Performance - Listening
As always, testing a sound card comes with the penalty of reviewing subjectively. That is, it's time to saddle up in a comfy chair and listen. Everybody's got different ears, but in 18+ years of being a musician, I think I've got pretty good ears. I used a pair of Grado SR-125 headphones for all critical listening. WinAMP 5 was used for playback. MP3's were LAME encoded with the -alt insane setting, outputting a 320kbps joint-stereo file.
The very first impression is that the Audigy 2 ZS is bright sounding. Cymbals and snare drums in particular, are on the bright side of reality and can sound 'steely'. Beyond that, the Audigy2 ZS is a very good sounding card indeed!
The advantages of having a high-frequency bias are that cymbals tend to pop out as well as the low-level detail, like reverb decay. For example, with the good old Black Sabbath jam, A Bit of Finger-Sleeping Village-Warning, the cymbals are bright and clear, but almost too much.
The Audigy2 ZS has also has a warm-ish sound. Not to say muddy, but it has a big bottom. Compared to the DMX 6-fire with Beastie Boys' Brass Monkey, the sound of the 808 drum machine is deep and thumping. With other material, like the White Stripes Ball 'n Biscuit (24-bit/96kHz digitization of the vinyl, total overkill) the kick drum and guitar are a booming and a rocking. If you like bass, the Audigy2 ZS won't let you down.
Dynamics and stereo imaging are excellent. It was easy to place instruments in the stereo field, and with headphones, the Audigy2 ZS could produce eye-blinking impacts, say on Nirvana's Come as You Are. Whoah. A word of warning: the Audigy2 ZS can play very loud.
For a product aimed at gamers, the Audigy2 ZS is extremely capable at sound reproduction. Sound is crisp, detailed, especially in the upper ranges, and the bass is strong, overloading the midrange at times. Ultimately, it doesn't present as balanced and detailed sound as the DMX 6-fire. I rather enjoyed it, however, and it would be easy to live with the Audigy2 ZS.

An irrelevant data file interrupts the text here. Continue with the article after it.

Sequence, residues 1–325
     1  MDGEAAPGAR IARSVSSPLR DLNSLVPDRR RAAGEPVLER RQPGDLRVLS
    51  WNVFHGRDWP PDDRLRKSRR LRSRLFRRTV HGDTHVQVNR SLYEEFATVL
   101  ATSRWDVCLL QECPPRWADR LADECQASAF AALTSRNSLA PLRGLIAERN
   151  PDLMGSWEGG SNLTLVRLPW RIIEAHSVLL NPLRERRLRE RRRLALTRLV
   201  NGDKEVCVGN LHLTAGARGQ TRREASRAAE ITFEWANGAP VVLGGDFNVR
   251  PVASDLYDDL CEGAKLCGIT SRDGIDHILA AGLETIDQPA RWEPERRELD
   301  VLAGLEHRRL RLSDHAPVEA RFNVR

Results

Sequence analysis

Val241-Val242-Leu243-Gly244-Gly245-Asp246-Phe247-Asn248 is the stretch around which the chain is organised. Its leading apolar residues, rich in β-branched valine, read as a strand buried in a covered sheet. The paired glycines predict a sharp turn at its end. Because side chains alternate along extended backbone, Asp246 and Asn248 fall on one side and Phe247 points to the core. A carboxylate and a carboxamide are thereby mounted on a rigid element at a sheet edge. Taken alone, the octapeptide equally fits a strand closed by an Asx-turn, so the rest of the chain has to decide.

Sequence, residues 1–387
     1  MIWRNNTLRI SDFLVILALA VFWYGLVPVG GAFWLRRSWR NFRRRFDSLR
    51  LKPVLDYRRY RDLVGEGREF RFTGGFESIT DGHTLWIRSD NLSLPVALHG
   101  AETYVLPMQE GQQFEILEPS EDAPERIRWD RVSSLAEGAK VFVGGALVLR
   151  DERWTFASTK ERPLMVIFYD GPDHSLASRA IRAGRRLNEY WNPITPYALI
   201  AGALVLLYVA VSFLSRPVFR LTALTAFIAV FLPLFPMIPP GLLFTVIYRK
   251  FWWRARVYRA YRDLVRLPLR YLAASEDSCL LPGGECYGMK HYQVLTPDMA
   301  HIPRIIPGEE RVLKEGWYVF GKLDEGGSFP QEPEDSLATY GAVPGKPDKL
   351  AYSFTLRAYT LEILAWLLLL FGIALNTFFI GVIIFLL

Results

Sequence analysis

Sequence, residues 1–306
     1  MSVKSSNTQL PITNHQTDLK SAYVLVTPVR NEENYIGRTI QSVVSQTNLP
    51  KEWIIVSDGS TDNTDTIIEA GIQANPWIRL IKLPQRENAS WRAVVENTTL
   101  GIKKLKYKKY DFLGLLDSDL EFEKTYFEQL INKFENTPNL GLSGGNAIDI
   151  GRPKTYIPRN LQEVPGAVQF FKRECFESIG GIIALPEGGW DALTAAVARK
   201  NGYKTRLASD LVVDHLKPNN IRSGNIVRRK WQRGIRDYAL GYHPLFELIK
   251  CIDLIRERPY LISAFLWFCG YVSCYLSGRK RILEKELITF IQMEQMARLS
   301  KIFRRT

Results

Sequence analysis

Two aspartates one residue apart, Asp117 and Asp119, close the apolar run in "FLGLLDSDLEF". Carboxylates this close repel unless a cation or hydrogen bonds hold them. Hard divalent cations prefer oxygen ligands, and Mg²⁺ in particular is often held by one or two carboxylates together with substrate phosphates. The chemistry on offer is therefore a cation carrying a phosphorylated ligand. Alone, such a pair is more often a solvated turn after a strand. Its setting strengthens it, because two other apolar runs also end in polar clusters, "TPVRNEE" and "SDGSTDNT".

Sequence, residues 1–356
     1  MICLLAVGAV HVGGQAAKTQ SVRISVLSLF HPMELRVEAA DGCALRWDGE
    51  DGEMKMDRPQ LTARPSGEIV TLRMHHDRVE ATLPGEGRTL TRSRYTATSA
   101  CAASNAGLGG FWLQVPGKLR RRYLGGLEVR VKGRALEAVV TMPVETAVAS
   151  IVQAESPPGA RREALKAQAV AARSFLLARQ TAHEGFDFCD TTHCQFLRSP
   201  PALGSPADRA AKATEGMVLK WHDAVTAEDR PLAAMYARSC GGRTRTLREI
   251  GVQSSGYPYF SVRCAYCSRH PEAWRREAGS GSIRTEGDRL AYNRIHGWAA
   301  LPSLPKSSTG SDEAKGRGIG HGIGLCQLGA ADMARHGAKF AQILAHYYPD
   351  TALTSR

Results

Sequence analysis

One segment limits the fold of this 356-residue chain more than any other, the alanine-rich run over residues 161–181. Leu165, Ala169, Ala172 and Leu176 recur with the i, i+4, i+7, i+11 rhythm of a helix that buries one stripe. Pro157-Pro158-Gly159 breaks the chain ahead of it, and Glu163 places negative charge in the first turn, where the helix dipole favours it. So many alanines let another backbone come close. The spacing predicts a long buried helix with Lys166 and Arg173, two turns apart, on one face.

DVD-Audio discs include video, still images, and interactive menus.
I love the idea of DVD-Audio: high resolution sound and built-in DRM. CD's, at the time they were introduced, counted on the fact that nobody could afford a 650MB hard disk to fit raw sound files. The cost was something like $10 a megabyte. No DRM necessary. Today's hard disks are less than a dollar per gigabyte. So DRM, as much as I don't like being considered 'guilty' first, must be a consideration for any new audio standard.
There are several problems with Creative's DVD-Audio player. First of all, it doesn't support the additional features that are often bundled with DVD-A discs, like video and interactive menus. The other problem is the usefulness. It defaults to 5.1 channel sound. Any software DVD player, like PowerDVD or WinDVD, will also play the 5.1 channel sound, Dolby included, with the video and interactive features. It pretty much makes the DVD-A player pointless in this case.
There is also a subjective judgement that when compared with PowerDVD (or WinDVD 4 for that fact) in 5.1 mode, PowerDVD delivered better fidelity all around. Everything from reverb decay, instrumental timbres, and in one song, Metallica's My Friend of Misery, a cowbell suddenly appeared in the left channel that was obscured even when the DVD-A player was in 2-channel mode. Truly bizarre. Gotta love the cowbell. I won't opine what the cause is, but I don't believe that the DVD-A player is delivering full 24-bit sound.
Lastly, while not Creative's fault at all, there's very few titles in the DVD-Audio catalog. It's getting much, much, better as more titles get released. I would jump whole hog onto the DVD-Audio bandwagon if there were more titles available.
The Audigy2 ZS comes loaded with features for DVD video. The obvious are the 7.1 channel analog out, DTS-ES and Dolby-ES. The not-so-obvious are the EAX modes, CMSS1 and 2.
CMSS (Creative MultiSpeaker Surround) has two levels, 1 & 2. CMSS1 is flexible enough to upmix stereo sources from 2/2.1 to 7.1 surround. CMSS2, the 'best for DVD movies', downmixes multi-channel sound to stereo. It also adds a little 'movie theatre' reverb, which is different from the previous Audigy2 mode, and you can't change it.
Ripping through several DVDs, from the Two Towers to Fight Club, the Audigy2 ZS was superb. Surround effects were certainly excellent, as was the dialogue. No problems here.